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The Complete 1961 Village Vanguard Recordings (Live)

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Editors’ Notes

While it was Ornette Coleman who had an album entitled The Shape of Jazz to Come, this landmark live album literally fits the bill as well. In 1961 the world saw Coltrane as the new star of bebop and modal jazz, but the music here—featuring his classic quartet augmented with reedist Eric Dolphy and others—was pushing the creative envelope in directions Coltrane would more fully explore in the studio from 1965 to 1967. It’s also worth noting that the multiple versions of “Spiritual,” “Impressions,” “India,” and “Chasin’ the Train” are fascinatingly varied, as the leader switched personnel and explored different ideas from night to night.

Customer Reviews

Amazing but....

This set is incredible...but you'd be doing yourself a mistake to not buy this as a box set in a actual store. The packaging is incredible and also gives linear notes for the whole session. Great Coltrane and Dolphy.

A Monument to Music

This is, quite simply, some of the best music ever recorded. Coltrane is pure genius on these recordings and - to my ears - Eric Dolphy is even better. These recordings were made over four nights as candidates for inclusion on the record Live at The Village Vanguard (1961). These are the full tapes that the album was culled from. I have been listening to them for ten years and have not even digested them yet.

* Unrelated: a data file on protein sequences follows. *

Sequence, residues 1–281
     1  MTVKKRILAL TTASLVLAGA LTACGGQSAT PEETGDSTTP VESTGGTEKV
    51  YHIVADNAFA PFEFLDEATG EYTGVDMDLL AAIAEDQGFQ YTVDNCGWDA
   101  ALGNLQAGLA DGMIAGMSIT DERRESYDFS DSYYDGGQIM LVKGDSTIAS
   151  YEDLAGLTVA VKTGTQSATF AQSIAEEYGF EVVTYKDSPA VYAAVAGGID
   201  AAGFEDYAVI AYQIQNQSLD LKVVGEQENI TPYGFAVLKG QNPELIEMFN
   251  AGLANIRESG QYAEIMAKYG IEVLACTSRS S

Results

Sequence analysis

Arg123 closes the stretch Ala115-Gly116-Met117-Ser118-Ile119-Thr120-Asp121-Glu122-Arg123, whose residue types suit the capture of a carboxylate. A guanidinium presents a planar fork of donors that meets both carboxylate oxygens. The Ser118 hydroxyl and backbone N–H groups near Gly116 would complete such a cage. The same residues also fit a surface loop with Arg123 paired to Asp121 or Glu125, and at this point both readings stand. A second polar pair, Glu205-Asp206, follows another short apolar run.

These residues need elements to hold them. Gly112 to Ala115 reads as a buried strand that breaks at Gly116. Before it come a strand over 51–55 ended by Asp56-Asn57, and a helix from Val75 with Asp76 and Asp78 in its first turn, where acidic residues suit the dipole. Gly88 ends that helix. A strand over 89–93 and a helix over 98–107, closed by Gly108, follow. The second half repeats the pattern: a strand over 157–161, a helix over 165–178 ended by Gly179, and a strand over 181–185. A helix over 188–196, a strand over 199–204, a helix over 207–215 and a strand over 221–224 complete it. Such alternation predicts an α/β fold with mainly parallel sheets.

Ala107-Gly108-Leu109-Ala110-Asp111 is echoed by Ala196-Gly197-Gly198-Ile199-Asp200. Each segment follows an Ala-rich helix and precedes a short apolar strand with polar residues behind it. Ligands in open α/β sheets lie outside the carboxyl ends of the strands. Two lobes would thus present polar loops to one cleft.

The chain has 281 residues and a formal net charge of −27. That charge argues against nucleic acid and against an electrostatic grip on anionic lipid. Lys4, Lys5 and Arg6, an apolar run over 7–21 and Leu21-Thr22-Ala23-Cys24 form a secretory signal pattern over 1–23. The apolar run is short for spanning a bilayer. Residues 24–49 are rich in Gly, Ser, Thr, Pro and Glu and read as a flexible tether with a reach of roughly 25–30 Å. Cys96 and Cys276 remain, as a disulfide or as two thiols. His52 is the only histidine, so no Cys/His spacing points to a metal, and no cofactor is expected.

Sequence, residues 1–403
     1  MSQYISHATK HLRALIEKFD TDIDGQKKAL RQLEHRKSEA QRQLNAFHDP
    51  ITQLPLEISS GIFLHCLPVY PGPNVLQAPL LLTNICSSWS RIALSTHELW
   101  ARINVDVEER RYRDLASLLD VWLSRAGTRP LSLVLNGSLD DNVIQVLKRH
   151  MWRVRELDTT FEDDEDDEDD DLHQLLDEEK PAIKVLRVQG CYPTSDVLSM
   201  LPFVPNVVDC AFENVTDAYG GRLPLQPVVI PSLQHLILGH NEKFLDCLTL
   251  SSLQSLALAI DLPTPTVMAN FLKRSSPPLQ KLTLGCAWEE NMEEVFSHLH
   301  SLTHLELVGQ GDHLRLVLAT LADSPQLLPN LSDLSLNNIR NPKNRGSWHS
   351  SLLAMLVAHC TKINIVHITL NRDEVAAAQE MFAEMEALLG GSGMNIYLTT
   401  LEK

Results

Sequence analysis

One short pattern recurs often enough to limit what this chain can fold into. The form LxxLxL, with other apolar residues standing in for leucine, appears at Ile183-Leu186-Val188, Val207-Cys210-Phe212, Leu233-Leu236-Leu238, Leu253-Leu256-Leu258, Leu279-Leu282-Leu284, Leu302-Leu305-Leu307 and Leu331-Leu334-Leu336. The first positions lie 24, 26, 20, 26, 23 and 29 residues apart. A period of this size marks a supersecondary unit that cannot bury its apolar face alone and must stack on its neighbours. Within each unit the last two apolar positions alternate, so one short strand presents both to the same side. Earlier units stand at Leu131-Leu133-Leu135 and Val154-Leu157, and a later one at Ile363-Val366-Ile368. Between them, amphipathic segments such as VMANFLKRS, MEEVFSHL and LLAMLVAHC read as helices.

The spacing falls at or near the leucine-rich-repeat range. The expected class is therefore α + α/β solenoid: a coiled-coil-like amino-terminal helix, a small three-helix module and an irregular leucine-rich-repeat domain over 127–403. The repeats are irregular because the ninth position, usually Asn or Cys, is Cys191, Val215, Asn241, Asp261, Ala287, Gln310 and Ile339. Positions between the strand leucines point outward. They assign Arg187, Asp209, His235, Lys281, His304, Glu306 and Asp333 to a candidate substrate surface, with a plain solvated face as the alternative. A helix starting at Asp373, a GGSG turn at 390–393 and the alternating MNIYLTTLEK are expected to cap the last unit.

For me, the two songs recorded on the last date are the major prize here. The other music is genius too, but these last two tracks are monuments. They had gotten enough tape in the can the previous nights that the record could be completed from. Apparently the musicians were being conservative for the first three dates because they absolutely let loose on this date on versions of India and Spiritual. India is a driving force here, harder than hard rock. The iTunes song preview here is the intro, setting up the theme, not any part of the twelve minute long solos, though you can here Dolphy come in briefly. At the end of Coltrane's solo (or is it Dolphy's?) Coltrane trills down low and Dolphy comes in with a fluttering, whirling, rising entrance topped off with a honk. Unbelievable stuff. There are more musical ideas expressed here than most musicians think of in their entire lives. On Spirtual, the band finds twenty minutes of improvisation. At the ten minute mark Coltrane produces a mezmerizing, unique improvisation that sounds to me like a bird fluttering and taking off. How he gets these sounds from a saxophone I will never understand. Beyond incredible.

Don't tell me you have heard genius until you have heard these recordings.

the best jazz album ever

I dont have much to say,it is in my opinion the best and most intresting jazz recording ever for all jazz lovers and others to:)


Born: September 23, 1926 in Hamlet, NC

Genre: Jazz

Years Active: '40s, '50s, '60s

Despite a relatively brief career (he first came to notice as a sideman at age 29 in 1955, formally launched a solo career at 33 in 1960, and was dead at 40 in 1967), saxophonist John Coltrane was among the most important, and most controversial, figures in jazz. It seems amazing that his period of greatest activity was so short, not only because he recorded prolifically, but also because, taking advantage of his fame, the record companies that recorded him as a sideman in the 1950s frequently reissued...
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